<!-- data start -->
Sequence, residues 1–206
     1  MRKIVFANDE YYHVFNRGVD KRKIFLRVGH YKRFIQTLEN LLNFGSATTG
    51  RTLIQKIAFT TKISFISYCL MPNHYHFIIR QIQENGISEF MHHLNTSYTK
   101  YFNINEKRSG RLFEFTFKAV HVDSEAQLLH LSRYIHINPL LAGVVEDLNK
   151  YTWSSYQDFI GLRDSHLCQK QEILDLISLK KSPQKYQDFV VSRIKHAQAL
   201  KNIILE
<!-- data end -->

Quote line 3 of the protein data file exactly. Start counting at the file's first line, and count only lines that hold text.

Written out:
    51  RTLIQKIAFT TKISFISYCL MPNHYHFIIR QIQENGISEF MHHLNTSYTK